City’s Bronstein Park closed to public
MANCHESTER — City officials on Thursday closed Bronstein Park, which apparently has been the site of the most overdoses of the synthetic drug spice in recent weeks, to anyone not a student, parent of a student or employee at Manchester High School Central during school hours, according to a memo from Mayor Ted Gatsas to the Board of Mayor and Alderman.
Gatsas wrote that the transfer of the block-sized park, used by the school for such things as band practices and gym classes, from Amoskeag Industries to the city in 1970 indicated that the city had the authority to limit the park’s use and that further action by the aldermen would not be necessary.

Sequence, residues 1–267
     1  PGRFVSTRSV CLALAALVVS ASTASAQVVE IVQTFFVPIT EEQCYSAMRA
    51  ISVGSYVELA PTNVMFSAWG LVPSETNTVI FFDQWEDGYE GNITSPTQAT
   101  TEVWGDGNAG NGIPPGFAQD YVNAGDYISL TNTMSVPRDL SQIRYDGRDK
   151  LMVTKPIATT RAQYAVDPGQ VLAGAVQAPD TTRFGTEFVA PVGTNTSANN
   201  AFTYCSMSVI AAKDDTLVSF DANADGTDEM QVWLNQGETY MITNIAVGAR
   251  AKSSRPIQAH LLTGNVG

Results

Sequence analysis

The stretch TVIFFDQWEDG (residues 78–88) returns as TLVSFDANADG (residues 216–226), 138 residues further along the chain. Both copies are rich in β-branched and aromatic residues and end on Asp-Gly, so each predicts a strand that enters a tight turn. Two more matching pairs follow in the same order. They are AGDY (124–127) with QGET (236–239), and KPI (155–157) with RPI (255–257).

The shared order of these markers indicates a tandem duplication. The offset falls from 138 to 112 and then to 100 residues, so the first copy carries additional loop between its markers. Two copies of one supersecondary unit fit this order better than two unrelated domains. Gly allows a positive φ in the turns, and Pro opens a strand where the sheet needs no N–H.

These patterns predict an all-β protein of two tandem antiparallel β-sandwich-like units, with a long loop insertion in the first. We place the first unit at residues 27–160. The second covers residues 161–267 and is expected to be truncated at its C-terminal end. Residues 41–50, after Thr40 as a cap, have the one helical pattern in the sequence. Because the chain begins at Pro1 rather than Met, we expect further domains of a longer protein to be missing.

Gatsas said Wednesday that the park will be closed off to anyone not affiliated with the school from 7:30 a.m. to 4 p.m. any day school isn’t in session.
His chief of staff, Samantha Piatt, said signs indicating the park’s closure should be up by today or over the weekend, before band camp practices begin early next week.
City officials have said that adults occupy benches at the park and have been confrontational with city maintenance crews trying to cut grass.